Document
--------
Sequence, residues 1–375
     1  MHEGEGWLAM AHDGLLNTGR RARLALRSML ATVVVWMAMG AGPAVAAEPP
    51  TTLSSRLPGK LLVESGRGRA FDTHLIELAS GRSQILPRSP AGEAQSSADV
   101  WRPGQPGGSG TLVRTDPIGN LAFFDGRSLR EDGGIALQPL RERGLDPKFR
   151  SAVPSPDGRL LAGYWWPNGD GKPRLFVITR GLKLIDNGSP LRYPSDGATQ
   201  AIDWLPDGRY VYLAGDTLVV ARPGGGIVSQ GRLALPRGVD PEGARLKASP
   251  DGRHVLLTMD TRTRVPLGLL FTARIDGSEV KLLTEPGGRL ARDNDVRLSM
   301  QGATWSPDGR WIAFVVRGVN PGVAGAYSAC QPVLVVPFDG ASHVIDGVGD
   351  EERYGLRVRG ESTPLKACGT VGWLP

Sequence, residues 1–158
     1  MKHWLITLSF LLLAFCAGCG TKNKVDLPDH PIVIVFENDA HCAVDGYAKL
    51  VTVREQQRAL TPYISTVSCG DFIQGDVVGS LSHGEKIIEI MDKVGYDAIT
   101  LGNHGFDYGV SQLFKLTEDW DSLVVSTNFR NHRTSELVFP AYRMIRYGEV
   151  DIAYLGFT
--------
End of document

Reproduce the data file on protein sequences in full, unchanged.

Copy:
Sequence, residues 1–375
     1  MHEGEGWLAM AHDGLLNTGR RARLALRSML ATVVVWMAMG AGPAVAAEPP
    51  TTLSSRLPGK LLVESGRGRA FDTHLIELAS GRSQILPRSP AGEAQSSADV
   101  WRPGQPGGSG TLVRTDPIGN LAFFDGRSLR EDGGIALQPL RERGLDPKFR
   151  SAVPSPDGRL LAGYWWPNGD GKPRLFVITR GLKLIDNGSP LRYPSDGATQ
   201  AIDWLPDGRY VYLAGDTLVV ARPGGGIVSQ GRLALPRGVD PEGARLKASP
   251  DGRHVLLTMD TRTRVPLGLL FTARIDGSEV KLLTEPGGRL ARDNDVRLSM
   301  QGATWSPDGR WIAFVVRGVN PGVAGAYSAC QPVLVVPFDG ASHVIDGVGD
   351  EERYGLRVRG ESTPLKACGT VGWLP

Sequence, residues 1–158
     1  MKHWLITLSF LLLAFCAGCG TKNKVDLPDH PIVIVFENDA HCAVDGYAKL
    51  VTVREQQRAL TPYISTVSCG DFIQGDVVGS LSHGEKIIEI MDKVGYDAIT
   101  LGNHGFDYGV SQLFKLTEDW DSLVVSTNFR NHRTSELVFP AYRMIRYGEV
   151  DIAYLGFT